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Hot Pot Paradise? This is China’s First 24/7 Digital Self-Service Hot Pot Supermarket

Chinese restaurant chain Wodi Hotpot (卧底火锅) is the new kid on the block in hot pot land. The start-up is China’s first digital self-service hot pot supermarket and restaurant. Combining China’s new digital trends with traditional tasty cuisine, Wodi is the typical post-1985 generation’s place to be.

Manya Koetse

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Chinese restaurant chain Wodi Hotpot (卧底火锅) is the new kid on the block in hot pot land. The start-up is China’s first digital self-service hot pot supermarket and restaurant. Combining China’s new digital trends with traditional tasty cuisine, Wodi is the typical post-1985 generation’s place to be. What’s on Weibo tried it out for you. [This is a premium content article.]

Hot pot cravings can come at any time. For those who want a tasty and affordable hot pot, whether it is in the wee hours of the morning or in the late hours of the night, there is a new popular Chinese 24-hour hot pot self-service supermarket & restaurant where digital is key.

It is not just its 24/7 opening hours and digital order-and-pay system that make this place special; their online-to-offline business model, supplier dynamics and revenue model all make Wodi Hot Pot (卧底火锅) a pioneering company in the wonderful world of Chinese hot pot.

WODI logo

‘Hot pot’ in Chinese is huǒguō (火锅), literally: ‘fire pot’. It has a history of over 1000 years, and it is generally agreed that the Chinese hotpot tradition must have come from Mongol warriors who camped outside and had dinner together circled around a pot on the fire. The idea is that while the hot pot brew is kept boiling, fresh ingredients are placed into the pot and are cooked at the table. Nowadays, hot pot tastes vary greatly across different regions in China, but what matters most is its enjoyment: sitting with friends and family around the boiling stew, sharing food, eating slowly, and talking.

The founder of Wodi, Qiu Xingxing (邱星星), once had the most delicious hotpots for 30 days straight in Chongqing and Sichuan. He then jokingly told his friend he would one day start his own hotpot restaurant. And it came true. The “digital self-service restaurant” Wodi Hot Pot first opened its doors to hot pot lovers in Beijing in January of 2016. The online platform of Wodi was established in October of 2015, with the offline supermarket/restaurant following a few months later.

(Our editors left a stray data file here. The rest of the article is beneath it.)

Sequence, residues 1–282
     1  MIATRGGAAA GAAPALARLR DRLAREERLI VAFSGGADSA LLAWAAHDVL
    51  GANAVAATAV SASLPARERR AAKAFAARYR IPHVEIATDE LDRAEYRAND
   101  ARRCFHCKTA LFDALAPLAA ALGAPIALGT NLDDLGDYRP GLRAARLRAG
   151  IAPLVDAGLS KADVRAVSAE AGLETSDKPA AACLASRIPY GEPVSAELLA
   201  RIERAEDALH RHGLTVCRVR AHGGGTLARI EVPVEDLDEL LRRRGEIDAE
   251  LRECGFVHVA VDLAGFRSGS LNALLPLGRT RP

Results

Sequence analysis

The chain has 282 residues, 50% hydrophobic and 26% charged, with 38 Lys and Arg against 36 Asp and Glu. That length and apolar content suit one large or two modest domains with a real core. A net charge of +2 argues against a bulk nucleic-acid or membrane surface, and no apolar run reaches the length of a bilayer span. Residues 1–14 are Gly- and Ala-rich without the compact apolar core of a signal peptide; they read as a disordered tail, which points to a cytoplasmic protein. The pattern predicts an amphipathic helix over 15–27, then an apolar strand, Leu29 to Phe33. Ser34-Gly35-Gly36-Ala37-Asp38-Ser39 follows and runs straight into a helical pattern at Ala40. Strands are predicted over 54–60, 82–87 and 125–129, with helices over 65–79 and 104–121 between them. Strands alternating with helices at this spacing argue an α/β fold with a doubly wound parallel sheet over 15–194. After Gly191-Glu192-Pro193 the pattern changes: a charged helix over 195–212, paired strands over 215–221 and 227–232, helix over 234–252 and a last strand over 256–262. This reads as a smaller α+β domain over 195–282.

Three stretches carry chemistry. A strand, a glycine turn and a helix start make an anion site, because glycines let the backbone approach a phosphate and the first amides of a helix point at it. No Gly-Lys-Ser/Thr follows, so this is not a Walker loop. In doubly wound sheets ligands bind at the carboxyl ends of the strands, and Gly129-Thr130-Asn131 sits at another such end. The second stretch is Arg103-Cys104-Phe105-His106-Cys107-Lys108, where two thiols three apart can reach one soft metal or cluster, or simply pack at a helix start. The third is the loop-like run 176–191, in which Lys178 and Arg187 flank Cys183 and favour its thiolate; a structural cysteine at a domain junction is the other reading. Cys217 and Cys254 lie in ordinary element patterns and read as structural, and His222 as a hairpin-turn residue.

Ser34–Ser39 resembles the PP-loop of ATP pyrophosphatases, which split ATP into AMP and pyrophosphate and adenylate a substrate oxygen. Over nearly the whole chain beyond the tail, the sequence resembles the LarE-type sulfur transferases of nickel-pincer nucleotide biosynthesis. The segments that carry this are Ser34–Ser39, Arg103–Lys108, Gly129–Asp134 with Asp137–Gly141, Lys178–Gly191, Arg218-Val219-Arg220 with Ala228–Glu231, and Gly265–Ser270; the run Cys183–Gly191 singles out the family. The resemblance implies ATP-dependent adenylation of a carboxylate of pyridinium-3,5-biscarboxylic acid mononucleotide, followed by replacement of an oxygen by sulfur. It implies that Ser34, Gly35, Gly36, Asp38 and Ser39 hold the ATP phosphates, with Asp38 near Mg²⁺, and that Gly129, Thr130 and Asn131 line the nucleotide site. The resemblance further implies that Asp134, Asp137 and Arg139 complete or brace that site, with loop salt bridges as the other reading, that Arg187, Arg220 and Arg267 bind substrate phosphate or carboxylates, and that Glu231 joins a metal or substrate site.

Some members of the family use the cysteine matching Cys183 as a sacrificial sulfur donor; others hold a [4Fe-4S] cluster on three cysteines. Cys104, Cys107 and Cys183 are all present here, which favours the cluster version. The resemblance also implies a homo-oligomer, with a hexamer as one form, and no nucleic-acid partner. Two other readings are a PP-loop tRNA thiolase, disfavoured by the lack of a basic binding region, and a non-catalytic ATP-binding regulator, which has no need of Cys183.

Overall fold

Wodi’s Qiu Xingxing (see picture) is a post-1985 Chinese online entrepreneur who also co-founded the successful WOWO (55tuan.com), which is also known as ‘the Groupon of China’. Qiu is no stranger to e-commerce and its extreme potential; WOWO was the first Chinese company of its kind to be listed on the NASDAQ stock exchange in 2015.

qiiuxingxing

In a way, Wodi is a typical Chinese post-1980 or post-1985 generation outlet. The post-1980s is a generation that is known for still valuing tradition but also being creative and innovative and not afraid to try out new things.

Wodi is described as a “Hot Pot Online to Offline Platform” (火锅O2O平台) by Chinese media, as its online business lies at the core of the company. On Weibo, Wodi calls itself “the world’s biggest online hotpot platform” (全球最大的互联网火锅平台), through which customers are driven to visit their offline stores. Wodi is well-known for its online food delivery services. Although ordering in hot pot is popular and convenient, going to the actual Wodi “offline restaurant” (线下门店) for some hot shopping and dining is far more exciting.

“It’s fu*king cheap!”

Dining at this new hot pot chain is not just a nice experience, it is also surprisingly affordable. “It’s fu*king cheap!” allegedly is a catchphrase often used by Wodi’s young customers, founder Qiu Xingxing tells Ebrun magazine.

whatsonweibo wodiSo much to choose from in the Wodi Hotpot supermarket.

One of the main reasons the Wodi Hotpot supermarket is relatively inexpensive is because Qiu decided to drastically change the supplier/supermarket dynamics in the Wodi outlet. [blendlebutton] Instead of working with the typical distribution system, where supermarket owners purchase from food suppliers and then resell to customers at a (much) higher rate, Wodi lets suppliers directly sell their food to its consumers. Because there is no intermediary profit, the prices at Wodi are exceptionally low.

The supermarket has a wide selection of products, offering all kinds of hotpot ingredients, such as a variety of mushrooms, fish, tofu, thin-sliced beef, etc. Besides the classic hotpot ingredients, they also sell sodas, beer, candy and snacks, and even Wodi’s own hotpots to take home (32¥/±4,8US$), all priced at a much lower rate than other well-known hotpot places such as Haidilao (海底捞).

You’re probably wondering – if Wodi does not make much profit from the food it sells, then how do they make money? Enterpreneur Qiu has thought of a new business model for this to be able to provide customers with low-priced qualitative food while still having a profitable business.

“The world’s 2nd time-based hotpot restaurant.”

Wodi’s success formula lies in the original concept of the outlet, that has a supermarket area and a separate dining area. When you have purchased hotpot ingredients in the supermarket, you sit and eat in the Wodi restaurant at a hotpot table – which you rent for a time-based price.